Friday, June 2, 2017

Pink Slime, Take 2

It started more than five years ago.  The term “pink slime” was apparently coined by “a federal microbiologist” (whatever that means) but brought to light by the ranting of a celebrity chef (whatever that means).  They were concerned – or just trying to make headlines by getting a bunch of others concerned – about the food companies adding it to ground beef without a specific label. It made more headlines when McDonald's and other major chains, in reaction to this manufactured concern, discontinued their use of “ammonia-treated beef,” which doesn’t sound any more appetizing.

The actual description is "lean, finely textured beef."  It is made from left-over meat trimmings from other cuts of beef.  After being heated and spun to remove most of the fat, it is exposed to "a puff of ammonium hydroxide gas" to kill bacteria, such as E. coli and salmonella.  Blocks were shipped from a company in South Dakota to be added to ground beef to reduce the overall fat content.

According to CBS News at the time (2012):  “Though the term ‘pink slime’ has been used pejoratively for at least several years, it wasn't until last week that social media suddenly exploded with worry and an online petition seeking its ouster from school lunches that quickly garnered hundreds of thousands of supporters.”  Soon grocery stores were pledging to stop using it in their ground beef.

As I wrote in April 2012 when this news first broke, why must people resort to such name-calling?  Either they have a valid argument or they don’t.  Instead they try to catch everyone up in an emotional reaction to promote their particular cause or  “purity crusade.”   No one thinks about the real danger or about the jobs lost when this type of misinformation goes viral through social media or on-line petitions.  Why do people speak out against waste in other areas and remain silent on this issue of basically recycling usable meat scraps instead of throwing them in the garbage?  How can Kroger and the others ban this product outright, totally depriving customers of a choice, when they offer twenty different kinds of dishwashing soap?  (The educated customers would likely not be swayed by these scare tactics and choose to buy the same kind of ground beef, less expensive and less fatty, that they have been buying for the last 20 years.)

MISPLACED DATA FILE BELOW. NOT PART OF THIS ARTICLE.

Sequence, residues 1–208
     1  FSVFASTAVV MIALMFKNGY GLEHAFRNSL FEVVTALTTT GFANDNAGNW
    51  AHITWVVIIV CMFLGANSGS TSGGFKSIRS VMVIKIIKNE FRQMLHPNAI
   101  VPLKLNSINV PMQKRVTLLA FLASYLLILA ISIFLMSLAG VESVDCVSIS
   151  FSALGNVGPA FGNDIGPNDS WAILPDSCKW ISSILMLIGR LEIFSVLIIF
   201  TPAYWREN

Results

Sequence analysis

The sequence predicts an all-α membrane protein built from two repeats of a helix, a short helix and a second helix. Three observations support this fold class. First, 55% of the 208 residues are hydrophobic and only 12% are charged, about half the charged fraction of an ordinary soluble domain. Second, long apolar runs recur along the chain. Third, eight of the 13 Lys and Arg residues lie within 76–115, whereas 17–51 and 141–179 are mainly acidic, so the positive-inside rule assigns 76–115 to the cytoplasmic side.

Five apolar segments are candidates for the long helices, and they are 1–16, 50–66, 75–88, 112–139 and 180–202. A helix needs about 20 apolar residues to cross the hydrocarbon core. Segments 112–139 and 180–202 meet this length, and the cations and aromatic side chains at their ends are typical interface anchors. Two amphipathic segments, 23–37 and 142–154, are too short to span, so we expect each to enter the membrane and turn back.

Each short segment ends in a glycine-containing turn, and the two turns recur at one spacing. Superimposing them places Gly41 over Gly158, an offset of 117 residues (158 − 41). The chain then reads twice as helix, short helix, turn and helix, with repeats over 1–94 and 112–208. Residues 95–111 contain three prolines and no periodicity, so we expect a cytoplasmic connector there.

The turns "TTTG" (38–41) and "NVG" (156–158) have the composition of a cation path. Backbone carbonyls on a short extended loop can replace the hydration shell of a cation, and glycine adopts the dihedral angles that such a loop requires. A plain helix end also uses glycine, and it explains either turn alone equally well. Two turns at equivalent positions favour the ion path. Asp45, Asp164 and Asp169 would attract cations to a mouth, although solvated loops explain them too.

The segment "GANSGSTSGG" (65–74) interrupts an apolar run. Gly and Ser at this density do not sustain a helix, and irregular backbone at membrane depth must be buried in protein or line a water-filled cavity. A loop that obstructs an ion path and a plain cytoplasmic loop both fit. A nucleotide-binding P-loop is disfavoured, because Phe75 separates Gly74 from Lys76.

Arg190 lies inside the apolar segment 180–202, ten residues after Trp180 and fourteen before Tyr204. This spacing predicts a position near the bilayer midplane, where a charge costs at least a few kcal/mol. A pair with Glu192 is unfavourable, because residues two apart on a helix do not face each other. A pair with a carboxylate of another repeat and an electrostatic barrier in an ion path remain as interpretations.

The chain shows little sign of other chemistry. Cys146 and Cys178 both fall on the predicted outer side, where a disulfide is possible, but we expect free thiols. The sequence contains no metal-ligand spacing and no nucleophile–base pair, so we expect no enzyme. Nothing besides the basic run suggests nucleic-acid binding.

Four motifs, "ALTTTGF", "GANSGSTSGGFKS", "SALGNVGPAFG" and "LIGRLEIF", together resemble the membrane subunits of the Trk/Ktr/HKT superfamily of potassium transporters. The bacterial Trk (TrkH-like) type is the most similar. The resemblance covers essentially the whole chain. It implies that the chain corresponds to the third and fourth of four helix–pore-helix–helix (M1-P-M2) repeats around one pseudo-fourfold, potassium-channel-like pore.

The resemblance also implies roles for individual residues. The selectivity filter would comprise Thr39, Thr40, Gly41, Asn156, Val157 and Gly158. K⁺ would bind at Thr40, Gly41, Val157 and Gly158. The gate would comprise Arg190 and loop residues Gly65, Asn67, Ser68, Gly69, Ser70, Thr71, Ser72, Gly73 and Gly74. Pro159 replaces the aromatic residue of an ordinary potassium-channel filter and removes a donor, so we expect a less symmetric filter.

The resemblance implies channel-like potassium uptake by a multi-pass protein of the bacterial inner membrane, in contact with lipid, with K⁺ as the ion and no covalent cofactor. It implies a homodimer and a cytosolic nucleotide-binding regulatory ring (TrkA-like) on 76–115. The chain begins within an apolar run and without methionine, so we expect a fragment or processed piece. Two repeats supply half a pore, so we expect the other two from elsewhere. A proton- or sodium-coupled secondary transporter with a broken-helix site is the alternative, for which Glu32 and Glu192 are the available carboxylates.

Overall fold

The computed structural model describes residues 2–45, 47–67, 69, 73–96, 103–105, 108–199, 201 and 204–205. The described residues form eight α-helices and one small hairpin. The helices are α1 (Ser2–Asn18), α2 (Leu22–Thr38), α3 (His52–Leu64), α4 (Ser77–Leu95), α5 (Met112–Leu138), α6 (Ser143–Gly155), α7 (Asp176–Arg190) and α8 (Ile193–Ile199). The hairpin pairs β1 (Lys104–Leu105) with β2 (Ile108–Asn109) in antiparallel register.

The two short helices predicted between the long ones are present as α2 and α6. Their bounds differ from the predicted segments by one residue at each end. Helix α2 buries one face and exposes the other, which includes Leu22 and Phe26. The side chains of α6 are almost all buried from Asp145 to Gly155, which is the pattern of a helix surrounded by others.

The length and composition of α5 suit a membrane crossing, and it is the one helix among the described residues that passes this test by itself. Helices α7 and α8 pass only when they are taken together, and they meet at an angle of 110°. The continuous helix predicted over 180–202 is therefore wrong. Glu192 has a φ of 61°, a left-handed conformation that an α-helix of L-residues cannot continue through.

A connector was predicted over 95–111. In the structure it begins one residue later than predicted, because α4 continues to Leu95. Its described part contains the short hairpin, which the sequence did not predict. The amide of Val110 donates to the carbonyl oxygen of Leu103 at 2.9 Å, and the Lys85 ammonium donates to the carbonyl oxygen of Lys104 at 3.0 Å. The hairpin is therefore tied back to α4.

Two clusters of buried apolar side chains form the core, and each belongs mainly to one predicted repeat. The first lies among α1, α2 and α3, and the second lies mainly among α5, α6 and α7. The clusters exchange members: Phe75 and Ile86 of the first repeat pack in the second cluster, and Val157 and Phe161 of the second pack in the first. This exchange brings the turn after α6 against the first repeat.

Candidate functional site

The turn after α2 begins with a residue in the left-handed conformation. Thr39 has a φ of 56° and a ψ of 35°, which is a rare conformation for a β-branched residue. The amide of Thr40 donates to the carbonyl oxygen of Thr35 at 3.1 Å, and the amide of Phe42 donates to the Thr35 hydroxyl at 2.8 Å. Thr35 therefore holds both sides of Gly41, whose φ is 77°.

This is just another version of the Alar scare back in the 1980s.  Here is a summary from the Chicago Tribune from shortly afterward.  60 Minutes aired a segment publicizing claims that 6,000 preschoolers may eventually get cancer from residues of the pesticide in apples and apple juice.”  Meryl Streep, whose food-safety expertise was apparently unquestioned, testified before Congress and spread the news on TV talk shows.  “The stampede was on. Schools yanked apples off their menus; parents threw out their apple juice. The EPA began the process of banning alar.”  Apple farmers lost millions and the maker stopped selling it.  “Will Americans be safer? Probably not.”

This is another aspect of the danger I warned about last time, that technology is out-pacing our ability to cope.  We are so much more interconnected than in the 1980s that these have become regular occurrences.  Someone comes out with a food safety scare – often from foodie blogs and websites – and the kneejerk reactions begin, first by a few on the Internet, then by a host of followers who gasp and sign petitions, then by the manufacturers and retailers who fear losing sales based on the hysteria.  People lose jobs, and our options become more and more limited. We are slowly squeezed into a box defined by the publicity hounds, fanatics and frightened mothers.  We end up no safer and the economy suffers when resources are dedicated to non-value-added activities.

Fortunately, there may be hope. “Dakota Dunes-based Beef Products Inc. sued the television network in 2012, saying ABC's coverage misled consumers into believing the product is unsafe and led to the closures of three plants and layoffs of roughly 700 workers. The reports emphasized that the product at the time was present in 70 percent of the ground beef sold in supermarkets, but wasn't labeled.”  The trial begins in July.

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